Today the Stevenage-built Rosetta spacecraft will become the first to rendezvous with a comet. Built with input from the Open University at Milton keynes the Rosetta was launched ten years ago by the European Space Agency. It has travelled more than six billion kilometres. In November a lander from Rosetta is due to land on the comet's surface.
The hunt for planets similar to the Earth could be hampered by low water levels, Cambridge scientists have said.
Three planets which orbit stars similar to the sun had been seen as ideal candidates for detecting water vapour - a key characteristic of Earth-like climates.
But a team of astronomers using Nasa's Hubble Space Telescope studying HD 189733b, HD 209458b, and WASP-12b - which are between 60 and 900 light-years away, with temperatures ranging from 900 to 2200C - have found the planets are virtually dry.
Scientists from the Institute of Astronomy at the University of Cambridge said it highlighted the challenges in searching for planets capable of sustaining life.
They found water levels which are only one-tenth to one-thousandth of the amount predicted.
Dr Nikku Madhusudhan of the University of Cambridge said
"These very hot planets with large atmospheres orbit some of our nearest stars, making them the best possible candidates for measuring water levels, and yet the levels we found were much lower than expected. "These results show just how challenging it could be to detect water on Earth-like exo-planets in our search for potential life elsewhere. "We expected these planets to have lots of water in their atmospheres. We have to revisit planet formation and migration models of giant planets, especially hot Jupiters, to investigate how they're formed. There are so many things we still don't understand about exo-planets - this opens up a new chapter in understanding how planets and solar systems form."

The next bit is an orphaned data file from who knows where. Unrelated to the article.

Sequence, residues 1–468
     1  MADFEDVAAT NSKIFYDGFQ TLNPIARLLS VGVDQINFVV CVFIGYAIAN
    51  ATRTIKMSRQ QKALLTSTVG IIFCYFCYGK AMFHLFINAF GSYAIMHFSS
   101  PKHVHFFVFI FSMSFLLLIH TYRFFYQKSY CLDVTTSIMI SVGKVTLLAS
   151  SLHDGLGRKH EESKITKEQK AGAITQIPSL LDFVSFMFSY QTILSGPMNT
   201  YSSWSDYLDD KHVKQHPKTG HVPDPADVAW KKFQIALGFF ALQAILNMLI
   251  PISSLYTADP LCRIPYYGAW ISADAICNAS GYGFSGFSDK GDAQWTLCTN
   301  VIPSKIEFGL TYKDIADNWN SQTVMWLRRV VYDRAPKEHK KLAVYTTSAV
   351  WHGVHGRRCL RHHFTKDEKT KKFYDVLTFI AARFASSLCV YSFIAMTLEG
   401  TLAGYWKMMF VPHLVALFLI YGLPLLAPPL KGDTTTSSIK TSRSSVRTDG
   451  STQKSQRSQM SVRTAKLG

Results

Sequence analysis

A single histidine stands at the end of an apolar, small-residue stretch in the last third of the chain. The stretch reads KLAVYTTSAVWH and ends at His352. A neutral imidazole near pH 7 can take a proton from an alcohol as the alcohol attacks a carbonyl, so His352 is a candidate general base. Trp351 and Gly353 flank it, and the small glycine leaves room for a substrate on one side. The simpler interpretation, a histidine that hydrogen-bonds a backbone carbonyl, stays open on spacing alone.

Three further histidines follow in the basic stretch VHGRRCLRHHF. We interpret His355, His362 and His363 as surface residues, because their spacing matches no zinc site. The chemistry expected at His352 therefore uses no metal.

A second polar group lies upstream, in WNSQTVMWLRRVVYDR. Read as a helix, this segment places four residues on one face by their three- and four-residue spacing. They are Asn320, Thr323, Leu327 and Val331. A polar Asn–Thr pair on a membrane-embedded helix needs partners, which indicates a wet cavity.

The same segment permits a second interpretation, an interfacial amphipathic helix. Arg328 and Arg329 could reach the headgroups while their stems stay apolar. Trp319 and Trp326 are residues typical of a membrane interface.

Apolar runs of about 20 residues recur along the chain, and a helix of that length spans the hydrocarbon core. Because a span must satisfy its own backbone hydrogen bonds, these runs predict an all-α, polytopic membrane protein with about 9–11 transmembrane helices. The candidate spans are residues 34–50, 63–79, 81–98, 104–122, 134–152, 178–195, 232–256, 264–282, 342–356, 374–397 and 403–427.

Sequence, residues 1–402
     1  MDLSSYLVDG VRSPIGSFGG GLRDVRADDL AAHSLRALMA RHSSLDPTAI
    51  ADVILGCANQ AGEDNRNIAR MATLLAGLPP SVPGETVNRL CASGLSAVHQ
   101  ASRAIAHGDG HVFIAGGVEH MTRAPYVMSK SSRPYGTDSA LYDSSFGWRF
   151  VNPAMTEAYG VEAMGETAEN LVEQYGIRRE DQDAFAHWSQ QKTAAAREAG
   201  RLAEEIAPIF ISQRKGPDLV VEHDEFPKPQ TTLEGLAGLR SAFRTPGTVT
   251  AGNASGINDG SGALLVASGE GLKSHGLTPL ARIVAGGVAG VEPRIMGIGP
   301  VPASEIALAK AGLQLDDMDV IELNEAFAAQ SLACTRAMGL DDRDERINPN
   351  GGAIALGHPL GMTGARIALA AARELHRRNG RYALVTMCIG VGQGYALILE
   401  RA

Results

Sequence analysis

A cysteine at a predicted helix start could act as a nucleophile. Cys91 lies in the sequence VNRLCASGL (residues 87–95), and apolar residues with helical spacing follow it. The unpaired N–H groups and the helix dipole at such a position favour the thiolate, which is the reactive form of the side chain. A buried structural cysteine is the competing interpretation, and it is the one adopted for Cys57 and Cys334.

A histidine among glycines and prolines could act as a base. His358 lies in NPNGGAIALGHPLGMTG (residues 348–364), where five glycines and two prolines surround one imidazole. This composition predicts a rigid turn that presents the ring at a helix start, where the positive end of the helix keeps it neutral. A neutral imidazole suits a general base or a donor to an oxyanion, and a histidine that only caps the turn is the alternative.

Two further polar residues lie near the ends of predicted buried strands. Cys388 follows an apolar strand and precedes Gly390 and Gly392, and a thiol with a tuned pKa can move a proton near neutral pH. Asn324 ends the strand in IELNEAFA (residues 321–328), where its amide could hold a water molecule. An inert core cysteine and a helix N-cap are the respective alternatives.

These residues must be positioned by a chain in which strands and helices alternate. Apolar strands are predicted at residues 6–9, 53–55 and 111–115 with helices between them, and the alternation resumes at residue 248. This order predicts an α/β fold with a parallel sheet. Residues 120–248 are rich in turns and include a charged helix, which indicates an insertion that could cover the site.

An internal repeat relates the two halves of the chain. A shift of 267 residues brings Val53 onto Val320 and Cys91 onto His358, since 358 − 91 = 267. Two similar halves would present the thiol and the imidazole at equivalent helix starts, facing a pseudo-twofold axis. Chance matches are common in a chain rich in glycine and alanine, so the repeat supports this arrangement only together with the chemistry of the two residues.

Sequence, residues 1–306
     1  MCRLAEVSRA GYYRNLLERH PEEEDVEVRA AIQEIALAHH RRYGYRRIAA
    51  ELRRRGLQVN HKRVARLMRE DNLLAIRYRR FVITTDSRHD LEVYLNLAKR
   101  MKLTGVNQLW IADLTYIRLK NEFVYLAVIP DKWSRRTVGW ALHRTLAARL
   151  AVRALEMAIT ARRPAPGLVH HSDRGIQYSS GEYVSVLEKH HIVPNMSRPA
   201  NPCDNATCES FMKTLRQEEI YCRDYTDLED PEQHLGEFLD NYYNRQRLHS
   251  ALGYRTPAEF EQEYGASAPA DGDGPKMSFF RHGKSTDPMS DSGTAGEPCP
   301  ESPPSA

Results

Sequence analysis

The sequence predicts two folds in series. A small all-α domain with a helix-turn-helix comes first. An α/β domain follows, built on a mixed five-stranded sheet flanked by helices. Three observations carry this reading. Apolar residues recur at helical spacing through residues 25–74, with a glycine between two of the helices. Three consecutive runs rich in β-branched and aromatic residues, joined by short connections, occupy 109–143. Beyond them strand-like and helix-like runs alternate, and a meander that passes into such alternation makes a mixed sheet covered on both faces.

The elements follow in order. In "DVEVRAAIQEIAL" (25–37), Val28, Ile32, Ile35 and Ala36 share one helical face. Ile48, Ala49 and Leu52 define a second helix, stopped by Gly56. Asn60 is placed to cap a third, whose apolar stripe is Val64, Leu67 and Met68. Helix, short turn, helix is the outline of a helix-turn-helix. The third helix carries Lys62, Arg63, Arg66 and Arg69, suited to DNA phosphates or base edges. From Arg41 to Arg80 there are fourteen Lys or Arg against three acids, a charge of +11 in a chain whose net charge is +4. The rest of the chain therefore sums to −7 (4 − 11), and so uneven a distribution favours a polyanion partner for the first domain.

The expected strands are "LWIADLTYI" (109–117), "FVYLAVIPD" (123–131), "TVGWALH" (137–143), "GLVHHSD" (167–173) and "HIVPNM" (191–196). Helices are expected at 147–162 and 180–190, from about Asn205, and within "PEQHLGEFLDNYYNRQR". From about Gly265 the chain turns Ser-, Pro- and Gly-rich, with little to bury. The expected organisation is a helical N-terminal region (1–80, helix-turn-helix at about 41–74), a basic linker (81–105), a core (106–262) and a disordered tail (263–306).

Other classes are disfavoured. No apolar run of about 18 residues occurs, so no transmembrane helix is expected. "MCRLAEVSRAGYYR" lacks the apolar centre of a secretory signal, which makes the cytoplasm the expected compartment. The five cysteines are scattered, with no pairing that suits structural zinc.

A Luton-based airline is set to become the first to use new technology designed to help aircraft detect volcanic ash.
The AVOID system is a radar for ash and aims to prevent a repeat of the Icelandic volcanic ash-cloud crisis of spring 2010.
The eruption of Eyjafjallajokull led to days of no flights into and out of the UK in April and May 2010, with the whole of Europe affected.
The new system has been created by Norway's Nicarnica Aviation with the support of Luton-based easyJet.
It uses infra-red technology fitted to aircraft to supply images to pilots and an airline's operations control centre.
It will enable pilots to see an ash cloud up to 60 miles ahead of the aircraft and at altitudes between 5,000ft and 50,000ft.
The technology was tested by European planemaker Airbus last November. It will now go into commercial production.
Today, easyJet's engineering director Ian Davies said that move was "a tangible and significant step forward in bringing this technology from conception into reality".
He added: "easyJet has supported the development of this innovative technology since the 2010 volcanic eruption which brought aviation to a halt in Europe. We look forward to being the first airline to fit this technology on our aircraft."